FINALLY FOUND SOMEONE (Theodore Boborol, 2017)

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SPOILER ALERT!!

My notes on Finally Found Someone:

1. I knew something was wrong with this production as soon as the rumor came out that Star Cinema had to scrap sixteen days’ worth of filmed scenes and basically reshoot everything. Apparently, several spoiler-ish photos leaked online and ruined the entire story, or possible twist (ooh, very Game of Thrones!). After watching the entire thing, all I could think of was, This was the improved version?!

2. As a huge fan of the Laida-Miggy trilogy, I was happy that Star chose to give the Sarah Geronimo-John Lloyd Cruz tandem a fresh and new story…until I realized that there was nothing really fresh or new in this trope-filled mess. It felt like the creative team just gave up on the project and threw in every lazy detail that they could think of to come up with a finished product.

• “Eto bagong-bago. Kelangan more kilig so may habulan at batuhan ng harina!”

• “Oh my gosh, ang ganda! Tapos since nag-bake na ng cake eh magpahiran na rin sila ng icing! Awww!”

• “Guys, di pwedeng pa-cute lang dapat maiyak din ang mga tao. Eto as in naisip ko lang now, dagdagan kaya natin ng may sakit na nanay?”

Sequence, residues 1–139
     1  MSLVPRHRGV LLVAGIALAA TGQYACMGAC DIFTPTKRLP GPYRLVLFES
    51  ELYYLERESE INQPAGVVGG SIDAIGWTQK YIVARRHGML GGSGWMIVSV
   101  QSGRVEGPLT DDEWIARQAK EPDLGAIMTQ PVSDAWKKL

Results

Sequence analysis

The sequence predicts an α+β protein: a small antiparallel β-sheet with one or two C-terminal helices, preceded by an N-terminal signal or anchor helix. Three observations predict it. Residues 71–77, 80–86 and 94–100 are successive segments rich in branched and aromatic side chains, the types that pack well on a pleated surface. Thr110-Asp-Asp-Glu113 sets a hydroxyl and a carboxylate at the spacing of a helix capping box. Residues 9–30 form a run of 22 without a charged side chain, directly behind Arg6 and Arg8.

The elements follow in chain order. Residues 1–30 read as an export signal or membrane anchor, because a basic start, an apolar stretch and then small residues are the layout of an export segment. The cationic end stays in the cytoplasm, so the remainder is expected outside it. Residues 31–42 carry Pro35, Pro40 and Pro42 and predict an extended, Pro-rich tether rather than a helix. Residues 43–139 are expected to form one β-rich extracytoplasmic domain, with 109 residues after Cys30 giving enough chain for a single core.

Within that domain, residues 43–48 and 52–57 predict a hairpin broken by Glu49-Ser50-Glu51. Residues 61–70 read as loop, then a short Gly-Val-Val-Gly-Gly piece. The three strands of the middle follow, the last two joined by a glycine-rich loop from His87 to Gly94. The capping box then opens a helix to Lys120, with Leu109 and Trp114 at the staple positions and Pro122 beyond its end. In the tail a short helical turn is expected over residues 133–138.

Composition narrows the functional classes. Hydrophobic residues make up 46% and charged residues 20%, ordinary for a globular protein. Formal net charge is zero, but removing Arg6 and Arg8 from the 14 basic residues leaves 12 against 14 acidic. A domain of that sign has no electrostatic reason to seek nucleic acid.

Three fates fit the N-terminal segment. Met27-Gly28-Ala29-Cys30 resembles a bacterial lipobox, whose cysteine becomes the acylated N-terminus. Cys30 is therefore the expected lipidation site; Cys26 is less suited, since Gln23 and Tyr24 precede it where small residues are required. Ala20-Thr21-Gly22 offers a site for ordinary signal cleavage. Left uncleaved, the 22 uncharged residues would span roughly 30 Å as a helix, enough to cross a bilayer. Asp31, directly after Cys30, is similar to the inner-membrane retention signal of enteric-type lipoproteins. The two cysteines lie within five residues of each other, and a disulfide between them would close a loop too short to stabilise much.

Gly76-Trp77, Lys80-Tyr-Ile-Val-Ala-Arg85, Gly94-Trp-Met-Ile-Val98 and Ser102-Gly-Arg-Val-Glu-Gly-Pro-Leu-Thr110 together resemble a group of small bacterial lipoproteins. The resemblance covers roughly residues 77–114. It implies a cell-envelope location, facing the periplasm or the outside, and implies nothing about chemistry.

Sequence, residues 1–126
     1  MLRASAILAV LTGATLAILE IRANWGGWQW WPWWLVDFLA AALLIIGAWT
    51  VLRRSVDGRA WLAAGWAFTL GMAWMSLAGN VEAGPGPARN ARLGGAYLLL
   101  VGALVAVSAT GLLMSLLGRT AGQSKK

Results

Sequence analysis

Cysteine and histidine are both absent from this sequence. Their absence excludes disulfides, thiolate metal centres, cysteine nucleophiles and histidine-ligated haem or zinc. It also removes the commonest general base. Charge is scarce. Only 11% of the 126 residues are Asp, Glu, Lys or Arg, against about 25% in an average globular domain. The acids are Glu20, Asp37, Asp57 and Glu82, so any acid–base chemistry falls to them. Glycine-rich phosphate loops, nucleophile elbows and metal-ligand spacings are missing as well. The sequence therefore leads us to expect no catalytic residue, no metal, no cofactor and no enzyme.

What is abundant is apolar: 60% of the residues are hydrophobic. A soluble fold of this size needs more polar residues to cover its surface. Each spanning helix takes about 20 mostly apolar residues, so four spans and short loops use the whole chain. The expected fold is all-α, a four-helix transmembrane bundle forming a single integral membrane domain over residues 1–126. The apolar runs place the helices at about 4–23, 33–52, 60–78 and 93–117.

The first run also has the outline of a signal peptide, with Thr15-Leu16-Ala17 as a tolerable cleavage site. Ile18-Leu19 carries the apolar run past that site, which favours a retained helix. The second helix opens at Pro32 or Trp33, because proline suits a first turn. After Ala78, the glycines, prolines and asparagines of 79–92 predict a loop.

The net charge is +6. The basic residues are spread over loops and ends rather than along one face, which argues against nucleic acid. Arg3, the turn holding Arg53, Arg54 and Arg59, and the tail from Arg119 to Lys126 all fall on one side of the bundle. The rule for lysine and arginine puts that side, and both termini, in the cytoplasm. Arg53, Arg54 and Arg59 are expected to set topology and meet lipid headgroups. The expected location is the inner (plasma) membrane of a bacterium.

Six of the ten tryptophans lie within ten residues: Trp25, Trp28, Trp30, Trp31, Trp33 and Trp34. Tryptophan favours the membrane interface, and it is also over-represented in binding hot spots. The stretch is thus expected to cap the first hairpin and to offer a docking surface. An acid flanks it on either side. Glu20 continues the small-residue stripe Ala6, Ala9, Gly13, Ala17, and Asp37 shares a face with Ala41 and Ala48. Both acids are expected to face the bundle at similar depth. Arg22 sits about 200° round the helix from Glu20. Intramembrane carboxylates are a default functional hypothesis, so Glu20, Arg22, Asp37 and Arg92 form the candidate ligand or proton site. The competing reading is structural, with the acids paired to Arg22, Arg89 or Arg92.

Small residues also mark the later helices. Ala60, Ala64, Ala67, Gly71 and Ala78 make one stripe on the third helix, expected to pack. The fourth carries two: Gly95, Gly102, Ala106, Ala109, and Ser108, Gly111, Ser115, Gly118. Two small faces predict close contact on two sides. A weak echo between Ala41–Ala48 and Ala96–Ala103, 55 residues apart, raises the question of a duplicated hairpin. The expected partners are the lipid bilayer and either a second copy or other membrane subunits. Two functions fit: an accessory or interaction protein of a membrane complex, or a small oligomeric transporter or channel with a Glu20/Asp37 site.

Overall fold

• “Ay, don’t forget ang mga chuwariwap friends! Very important! Check mo na rin ang schedules nina Joey Marquez at Dennis Padilla for the tatay roles.”

• “Current and relevant din dapat so kelangan involved ang social media.”

• “Wait, nagamit na natin yan sa Dear Other Self, My Ex and Whys atsaka Vince & Kath & James diba?”

• “Eh di ulitin! Pati theme song na nagamit na sa Born for You nina Coco at Angeline i-recycle na rin.”

• “Yung hugot line ha wag kalimutan. Eto naisip ko, Love needs truth to be true.”

• “Eh why not, Does love need truth to be true or does truth need love to be true?”

• “Sakit sa ulo. Tulog na tayo.”

3. Raffy Sandoval? Why not Oliver Papa?

Anywho, I was just happy that John Lloyd was here because he made everything bearable, very much like a cinematic Rumpelstiltskin turning crappy scenes into pure gold with just his radiant smile (faney alert!). I would not be doing that Lungkot Kembot bit any time soon (unlike the Rain Dance that I perform before any out-of-the-country trip), but I’d always remember how sad it made me feel when he sobbed while making kembot near the BGC fountain.

And yes, I also shed a few tears in the scene where he opened up to his sick mother, but then I would probably cry watching him cry over a paper cut.

4. Lakas ng appeal ni Sarah to the older crowd. Was it because they could see the ideal and virtuous anak/apo in her? I watched this twice on opening day and there was always that one old person that would loudly say, “Ang galing ni Sarah!” or “Ang ganda ni Sarah!” (bias aside, I think everyone would agree that she looked really, really good here).